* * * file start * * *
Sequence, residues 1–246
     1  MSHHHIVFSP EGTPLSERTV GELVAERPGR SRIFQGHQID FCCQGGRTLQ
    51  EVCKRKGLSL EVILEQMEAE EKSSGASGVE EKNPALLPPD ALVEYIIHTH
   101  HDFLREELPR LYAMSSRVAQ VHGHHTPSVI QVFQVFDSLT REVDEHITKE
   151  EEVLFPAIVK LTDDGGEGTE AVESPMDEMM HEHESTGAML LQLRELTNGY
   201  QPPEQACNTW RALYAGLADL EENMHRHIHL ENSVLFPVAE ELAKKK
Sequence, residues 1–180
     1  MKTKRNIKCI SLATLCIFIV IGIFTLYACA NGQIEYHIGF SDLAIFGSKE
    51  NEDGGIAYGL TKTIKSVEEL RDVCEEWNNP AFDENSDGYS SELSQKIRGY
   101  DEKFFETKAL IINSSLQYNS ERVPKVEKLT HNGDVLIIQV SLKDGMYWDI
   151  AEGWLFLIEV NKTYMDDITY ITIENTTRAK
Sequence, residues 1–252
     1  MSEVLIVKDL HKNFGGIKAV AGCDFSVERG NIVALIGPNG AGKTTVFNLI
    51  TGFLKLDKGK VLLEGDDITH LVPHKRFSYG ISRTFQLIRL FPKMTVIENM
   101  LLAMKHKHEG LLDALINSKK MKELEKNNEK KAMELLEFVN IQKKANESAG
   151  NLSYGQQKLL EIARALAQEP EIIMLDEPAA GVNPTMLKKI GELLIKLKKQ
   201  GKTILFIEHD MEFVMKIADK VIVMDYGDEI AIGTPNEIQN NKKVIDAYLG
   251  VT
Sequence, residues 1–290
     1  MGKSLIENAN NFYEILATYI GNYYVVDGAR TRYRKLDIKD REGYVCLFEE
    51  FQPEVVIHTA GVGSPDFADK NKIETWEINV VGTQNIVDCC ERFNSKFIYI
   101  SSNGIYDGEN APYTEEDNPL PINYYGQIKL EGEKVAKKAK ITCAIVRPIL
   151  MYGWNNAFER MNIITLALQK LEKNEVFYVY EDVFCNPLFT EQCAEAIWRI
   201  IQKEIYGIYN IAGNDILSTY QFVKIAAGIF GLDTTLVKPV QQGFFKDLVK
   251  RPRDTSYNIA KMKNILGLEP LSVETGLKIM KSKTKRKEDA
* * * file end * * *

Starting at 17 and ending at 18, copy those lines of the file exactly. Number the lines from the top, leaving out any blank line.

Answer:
   201  GKTILFIEHD MEFVMKIADK VIVMDYGDEI AIGTPNEIQN NKKVIDAYLG
   251  VT